This week, Tony Bell of Bell & Co. Private Wealth Management in Sacramento, answers readers' investing questions.
I am 69 and have $400,000 to set up a retirement plan for a monthly income of about $1,500. What bond funds, mutual funds and ETFs would be good?
Creating income during retirement can be challenging and time-consuming. Generally speaking, the ideal retirement portfolio has a combination of bonds (which provide predictable fixed income); equities (which provide appreciation potential and dividend payments); alternatives (real estate, commodities, etc., that hedge inflation); and cash (the safest option).
Prior to determining which fit best in a retiree's portfolio, the investor should first assess his/her risk tolerance in order to determine the proper allocation among bonds, stocks, alternatives and cash. In addition, the allocation should consider the current economic cycle, political climate, market performance and inflationary trends.
Another challenge when creating retirement income from your "nest egg" involves income consistency. For example, typical bonds make interest payments semiannually. This leaves the retiree with no income for 10 months a year and requires budgeting.
One way around this is to create a "bond ladder," which is a portfolio of fixed-income securities where each security has a significantly different maturity date (due date).
The benefits of this type of investment structure are twofold. Not only is the investor afforded income "smoothing," but by purchasing several smaller bonds with different maturity dates (rather than one large bond with a single maturity date), the investor minimizes interest-rate risk and increases liquidity.
The goal is to position your investment portfolio so that it generates responsible income, preserves principal and maintains risk equilibrium. Investors should either utilize the advice of a professional or spend time educating themselves.
Annette Thau wrote a fantastic book, "The Bond Book (Everything Investors Need to Know About Treasuries, Municipals, GNMAs, Corporates, Zeros, Bond Funds, Money Market Funds and More)." As the title suggests, it's a great resource for most investors.
We recently changed financial advisers and are now putting away money for our grandkids in a different 529 college savings plan. Our previous fund's quarterly statements never listed any investment costs. With our new financial adviser's recommendation, we are investing in the Franklin Templeton 529 College Savings Plan and pay 3.5 percent each time we invest. We recently looked at California's 529 plan, ScholarShare. The most that any of the ScholarShare plans charge is an annual 0.61 percent (most charge 0.3 percent or less). Is our 3.5 percent a reasonable fee for each monthly investment?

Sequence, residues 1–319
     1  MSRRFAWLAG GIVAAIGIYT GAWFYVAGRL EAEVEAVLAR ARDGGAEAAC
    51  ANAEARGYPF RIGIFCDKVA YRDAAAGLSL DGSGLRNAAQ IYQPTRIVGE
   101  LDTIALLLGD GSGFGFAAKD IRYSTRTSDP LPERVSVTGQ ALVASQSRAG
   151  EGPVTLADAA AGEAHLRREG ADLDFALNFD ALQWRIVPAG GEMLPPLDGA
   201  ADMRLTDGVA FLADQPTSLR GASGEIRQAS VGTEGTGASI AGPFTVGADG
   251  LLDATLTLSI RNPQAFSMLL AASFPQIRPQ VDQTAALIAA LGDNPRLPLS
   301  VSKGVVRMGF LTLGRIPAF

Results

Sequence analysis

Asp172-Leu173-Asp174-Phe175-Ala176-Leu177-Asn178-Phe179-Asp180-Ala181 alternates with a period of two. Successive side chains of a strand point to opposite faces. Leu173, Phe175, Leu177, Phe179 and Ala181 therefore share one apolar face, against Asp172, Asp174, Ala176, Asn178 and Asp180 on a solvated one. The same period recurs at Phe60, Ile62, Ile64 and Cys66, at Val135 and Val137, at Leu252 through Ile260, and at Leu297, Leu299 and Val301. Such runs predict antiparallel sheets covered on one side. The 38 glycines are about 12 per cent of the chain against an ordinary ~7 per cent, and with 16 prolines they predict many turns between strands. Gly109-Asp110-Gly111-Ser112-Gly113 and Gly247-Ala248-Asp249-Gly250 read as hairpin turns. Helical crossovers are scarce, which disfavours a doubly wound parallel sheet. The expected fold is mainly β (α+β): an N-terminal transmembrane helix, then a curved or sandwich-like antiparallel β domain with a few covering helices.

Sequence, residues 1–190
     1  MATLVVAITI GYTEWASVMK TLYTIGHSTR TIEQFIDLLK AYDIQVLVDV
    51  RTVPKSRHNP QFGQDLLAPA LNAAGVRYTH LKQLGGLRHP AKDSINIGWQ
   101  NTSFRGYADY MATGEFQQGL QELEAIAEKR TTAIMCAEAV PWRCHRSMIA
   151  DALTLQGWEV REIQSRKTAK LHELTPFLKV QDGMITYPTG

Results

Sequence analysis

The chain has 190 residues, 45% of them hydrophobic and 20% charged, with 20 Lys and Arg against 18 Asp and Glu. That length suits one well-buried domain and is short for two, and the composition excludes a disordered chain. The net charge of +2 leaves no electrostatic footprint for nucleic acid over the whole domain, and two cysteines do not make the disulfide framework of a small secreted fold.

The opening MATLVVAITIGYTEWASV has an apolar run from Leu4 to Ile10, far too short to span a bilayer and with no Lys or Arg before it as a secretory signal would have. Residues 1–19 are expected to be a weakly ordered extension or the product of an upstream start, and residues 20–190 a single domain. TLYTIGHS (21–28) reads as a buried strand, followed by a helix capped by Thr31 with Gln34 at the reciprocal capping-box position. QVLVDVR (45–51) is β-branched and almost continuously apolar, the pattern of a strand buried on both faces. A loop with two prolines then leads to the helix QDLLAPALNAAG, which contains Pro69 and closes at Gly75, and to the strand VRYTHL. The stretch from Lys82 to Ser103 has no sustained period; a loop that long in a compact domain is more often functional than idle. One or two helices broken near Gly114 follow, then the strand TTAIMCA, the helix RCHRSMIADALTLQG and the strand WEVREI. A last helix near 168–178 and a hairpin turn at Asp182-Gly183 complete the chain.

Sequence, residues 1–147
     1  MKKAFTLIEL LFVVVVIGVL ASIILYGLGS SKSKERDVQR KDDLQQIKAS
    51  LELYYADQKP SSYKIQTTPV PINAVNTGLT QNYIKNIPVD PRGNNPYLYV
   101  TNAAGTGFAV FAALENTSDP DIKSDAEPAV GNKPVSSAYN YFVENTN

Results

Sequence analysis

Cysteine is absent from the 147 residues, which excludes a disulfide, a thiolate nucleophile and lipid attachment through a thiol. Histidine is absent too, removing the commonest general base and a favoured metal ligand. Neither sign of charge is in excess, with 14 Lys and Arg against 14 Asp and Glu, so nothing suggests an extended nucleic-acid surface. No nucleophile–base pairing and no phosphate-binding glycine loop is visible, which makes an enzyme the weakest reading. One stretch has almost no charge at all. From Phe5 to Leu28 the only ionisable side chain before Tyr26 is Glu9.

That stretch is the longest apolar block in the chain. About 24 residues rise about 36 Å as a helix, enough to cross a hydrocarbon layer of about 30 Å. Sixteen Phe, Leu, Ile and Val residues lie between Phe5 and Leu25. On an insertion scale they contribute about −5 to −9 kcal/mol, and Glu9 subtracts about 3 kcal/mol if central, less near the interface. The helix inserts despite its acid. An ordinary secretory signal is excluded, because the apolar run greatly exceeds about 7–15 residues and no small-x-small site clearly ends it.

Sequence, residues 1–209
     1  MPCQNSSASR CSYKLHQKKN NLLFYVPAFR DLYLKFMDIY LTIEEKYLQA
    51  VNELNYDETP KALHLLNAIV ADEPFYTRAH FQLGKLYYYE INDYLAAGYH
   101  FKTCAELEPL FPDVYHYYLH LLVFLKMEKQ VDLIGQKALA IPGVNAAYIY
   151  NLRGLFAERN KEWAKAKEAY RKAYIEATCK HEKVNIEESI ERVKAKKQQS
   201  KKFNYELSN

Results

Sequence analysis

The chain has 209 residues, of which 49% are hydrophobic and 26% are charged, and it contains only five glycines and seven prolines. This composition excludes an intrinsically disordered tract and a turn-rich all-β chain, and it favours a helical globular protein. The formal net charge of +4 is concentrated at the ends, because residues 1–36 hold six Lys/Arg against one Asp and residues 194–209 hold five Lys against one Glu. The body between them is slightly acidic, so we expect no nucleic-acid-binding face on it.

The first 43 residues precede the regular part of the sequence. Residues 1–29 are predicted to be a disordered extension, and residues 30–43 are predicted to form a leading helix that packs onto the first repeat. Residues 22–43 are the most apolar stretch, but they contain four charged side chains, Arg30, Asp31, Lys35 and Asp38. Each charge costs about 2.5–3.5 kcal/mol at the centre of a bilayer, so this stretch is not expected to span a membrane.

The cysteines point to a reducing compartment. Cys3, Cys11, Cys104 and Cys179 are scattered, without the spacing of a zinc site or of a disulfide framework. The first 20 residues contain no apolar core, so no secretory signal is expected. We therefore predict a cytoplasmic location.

There are typically two ways of investing in a 529 college savings plan: Direct-sold 529 plans, which is a do-it-yourself way of investing, and institution/broker-sold plans.
The direct-sold plans (like those in California and most other states) allow for much lower management fees and are free of broker-originated sales charges, often called loads. You are solely responsible for fund selection.
When investing through your broker or financial institution, the adviser analyzes your investing time frame, risk tolerance and other needs, then makes appropriate choices for your situation.
From a cost standpoint, the 3.5 percent fee you reference is the sales load you pay each time you buy units of the chosen funds. Paying a sales load for each contribution may greatly reduce the growth potential of your account.
There is little doubt the cheapest way of investing in a 529 plan is California's ScholarShare program, which is managed by TIAA-CREF. Just be aware that cheaper is not always better, especially if you want guidance from a financial adviser.
Ask your adviser for a detailed college planning analysis of the least expensive/most effective options. These should include a 529 plan, a Coverdell Education Savings Account and qualifying U.S. savings bonds.
Compiled by Claudia Buck